BME Members Present, Win Awards at the 2024 American Physiology Summit

April 15, 2024

Founded in 1887, the American Physiological Society (APS) is an organization that fosters a community of multidisciplinary scientists who work together to advance the different branches of physiology and strive to solve the major issues affecting life and health across the globe. In 2023, APS revealed their new annual meeting, the American Physiology Summit, where over 3,000 researchers, educators, and students from around the world convene to discuss the biggest medical issues impacting the field of physiology.

The 2nd American Physiology Summit, held in Long Beach, California from April 4–7, 2024, showcased 80 science sessions, two general sessions, eight game-changer sessions, and poster presentations. Among the presenters were PhD student Taheri Pardis, MSTP/PhD student Christopher Monti, and Postdoctoral Fellow Dr. Devanshi Dave from the Marquette-MCW Joint Department of Biomedical Engineering.

Pardis presented their poster titled, “Mitochondrial function in lungs of rats with different susceptibilities to hyperoxia-induced Acute Respiratory Distress Syndrome (ARDS).” This study aimed to assess lung tissue mitochondrial bioenergetics in rats preconditioned to hyperoxia (H-T) and hyperoxia susceptibility (H-S) states.  

Monti presented their poster titled, “Computational modeling of sodium fluorescein disposition in ex vivo, machine-perfused livers with ischemia-reperfusion injury.” Using computational modeling, this study analyzed time course measurements of a biliary clearance tracer molecule (sodium fluorescein, SF) and the effect of warm ischemia time (WIT), a proxy for ischemia reperfusion injury (IRI).

Dr. Dave presented their poster titled, “Sex-Specific Mitochondrial Bioenergetics Differences in Heart and Kidney Cortex.” Their study focused on investigating and identifying the sex-specific differences in mitochondrial respiration and membrane potential in the heart and kidney cortex of rats.  

Dr. Dave with her award along with members of the CLPL and CBSL In addition to their poster presentation, Dr. Dave was presented with The John Forte Distinguished Abstract Award for their abstract entitled, “Altered Hepatic Mitochondrial Bioenergetics and Oxidant Emission with Ischemia and Reperfusion.” This study aimed to assess the impact of IRI on liver mitochondrial function and oxidative stress and its implications for normothermic machine perfusion (NMP) viability criteria in liver transplantation (LT). Mitochondrial bioenergetics parameters, including oxygen consumption rate (OCR), membrane potential (dPsi), and hydrogen peroxide (H2O2) emission, were evaluated in control livers and those with IRI using different substrate combinations. Results showed that IRI negatively affected mitochondrial function, leading to decreased OCR and dPsi, especially in response to adenosine diphosphate (ADP) addition. Higher H2O2 emission was observed during IRI, suggesting increased oxidative stress. These findings highlight the importance of considering mitochondrial bioenergetics in assessing liver viability for transplantation, as compromised mitochondrial function during IRI can impact energy metabolism and lactate/pyruvate ratio.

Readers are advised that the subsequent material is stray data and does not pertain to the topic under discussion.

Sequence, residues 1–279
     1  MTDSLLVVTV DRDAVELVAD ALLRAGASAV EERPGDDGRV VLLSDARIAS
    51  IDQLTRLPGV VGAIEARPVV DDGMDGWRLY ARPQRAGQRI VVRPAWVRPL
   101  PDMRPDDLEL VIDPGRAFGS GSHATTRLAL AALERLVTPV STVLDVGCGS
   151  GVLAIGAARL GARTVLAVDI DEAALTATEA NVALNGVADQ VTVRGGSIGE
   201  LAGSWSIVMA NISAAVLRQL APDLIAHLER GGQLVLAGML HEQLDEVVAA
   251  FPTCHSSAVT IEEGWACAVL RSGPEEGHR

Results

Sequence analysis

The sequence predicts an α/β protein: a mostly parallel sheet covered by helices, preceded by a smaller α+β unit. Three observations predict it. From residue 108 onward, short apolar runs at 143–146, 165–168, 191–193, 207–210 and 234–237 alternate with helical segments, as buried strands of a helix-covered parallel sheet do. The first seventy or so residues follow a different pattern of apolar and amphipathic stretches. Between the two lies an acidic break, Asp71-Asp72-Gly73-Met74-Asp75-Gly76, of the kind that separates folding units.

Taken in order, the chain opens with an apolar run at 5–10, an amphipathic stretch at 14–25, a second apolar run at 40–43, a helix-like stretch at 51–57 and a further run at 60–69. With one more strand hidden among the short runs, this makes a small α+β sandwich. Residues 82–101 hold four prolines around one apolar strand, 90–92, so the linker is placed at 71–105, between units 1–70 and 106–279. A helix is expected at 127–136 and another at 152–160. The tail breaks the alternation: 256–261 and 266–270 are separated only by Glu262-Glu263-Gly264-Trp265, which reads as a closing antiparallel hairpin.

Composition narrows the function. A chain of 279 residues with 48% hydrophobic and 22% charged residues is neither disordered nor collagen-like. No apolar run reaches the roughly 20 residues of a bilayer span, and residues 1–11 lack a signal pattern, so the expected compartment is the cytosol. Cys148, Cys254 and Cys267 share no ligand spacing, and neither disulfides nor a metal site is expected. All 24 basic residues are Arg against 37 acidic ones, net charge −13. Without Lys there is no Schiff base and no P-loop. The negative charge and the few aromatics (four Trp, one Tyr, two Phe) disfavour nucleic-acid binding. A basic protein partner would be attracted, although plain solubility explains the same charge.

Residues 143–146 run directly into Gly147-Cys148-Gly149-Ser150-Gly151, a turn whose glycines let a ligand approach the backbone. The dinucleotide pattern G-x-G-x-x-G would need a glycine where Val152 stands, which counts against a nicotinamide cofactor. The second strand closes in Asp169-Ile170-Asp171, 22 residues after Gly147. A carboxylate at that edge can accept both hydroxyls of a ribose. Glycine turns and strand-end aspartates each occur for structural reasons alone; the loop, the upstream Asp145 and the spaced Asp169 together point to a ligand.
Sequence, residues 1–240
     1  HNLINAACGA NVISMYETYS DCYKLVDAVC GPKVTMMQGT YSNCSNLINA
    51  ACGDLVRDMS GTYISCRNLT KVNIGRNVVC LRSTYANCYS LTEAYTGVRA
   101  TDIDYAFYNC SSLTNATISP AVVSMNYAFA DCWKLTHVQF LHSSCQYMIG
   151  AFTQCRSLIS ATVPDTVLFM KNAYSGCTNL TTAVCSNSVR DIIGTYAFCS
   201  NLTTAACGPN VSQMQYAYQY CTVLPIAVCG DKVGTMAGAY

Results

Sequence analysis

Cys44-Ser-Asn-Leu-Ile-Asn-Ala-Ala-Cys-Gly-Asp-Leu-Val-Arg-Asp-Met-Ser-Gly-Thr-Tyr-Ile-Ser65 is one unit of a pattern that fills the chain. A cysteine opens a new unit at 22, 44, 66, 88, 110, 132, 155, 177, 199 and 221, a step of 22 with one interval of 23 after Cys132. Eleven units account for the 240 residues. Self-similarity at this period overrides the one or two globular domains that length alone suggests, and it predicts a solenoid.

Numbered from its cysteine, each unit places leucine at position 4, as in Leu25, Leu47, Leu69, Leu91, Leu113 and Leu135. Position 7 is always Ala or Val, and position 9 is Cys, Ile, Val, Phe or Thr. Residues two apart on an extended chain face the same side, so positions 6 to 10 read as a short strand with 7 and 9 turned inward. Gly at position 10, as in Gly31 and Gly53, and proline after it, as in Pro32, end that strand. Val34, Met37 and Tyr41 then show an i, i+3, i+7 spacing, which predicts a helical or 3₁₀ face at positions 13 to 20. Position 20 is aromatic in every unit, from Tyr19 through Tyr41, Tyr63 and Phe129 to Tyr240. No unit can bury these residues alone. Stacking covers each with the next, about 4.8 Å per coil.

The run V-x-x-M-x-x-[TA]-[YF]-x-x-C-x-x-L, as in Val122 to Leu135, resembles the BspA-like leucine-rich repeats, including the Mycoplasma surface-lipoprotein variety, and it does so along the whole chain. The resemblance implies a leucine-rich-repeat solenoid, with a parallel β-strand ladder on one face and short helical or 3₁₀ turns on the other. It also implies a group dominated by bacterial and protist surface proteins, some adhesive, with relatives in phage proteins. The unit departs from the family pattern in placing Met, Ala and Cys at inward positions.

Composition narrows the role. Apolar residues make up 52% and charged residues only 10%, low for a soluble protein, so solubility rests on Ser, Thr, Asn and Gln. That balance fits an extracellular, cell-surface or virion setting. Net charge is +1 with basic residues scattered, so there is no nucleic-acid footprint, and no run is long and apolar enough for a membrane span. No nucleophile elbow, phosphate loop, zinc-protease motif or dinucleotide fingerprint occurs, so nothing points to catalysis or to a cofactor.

Dr. Dave and Monti are lab members of Dr. Ranjan Dash's Computational Systems Biology Laboratory (CSBL), which employs signal- and system-engineering methodologies alongside experimental measurements to construct multi-scale mechanistic computational models, aiming to enhance understanding of biophysical and biochemical operations in various biological and physiological systems and guide engineering-based interventions.  

Pardis is a lab member of Dr. Said Audi’s Computational Lung Physiology Laboratory (CLPL), which focuses on exploring lung physiology across various levels, from molecular to whole-organ and body, using experimental and computational approaches to help develop targeted treatments.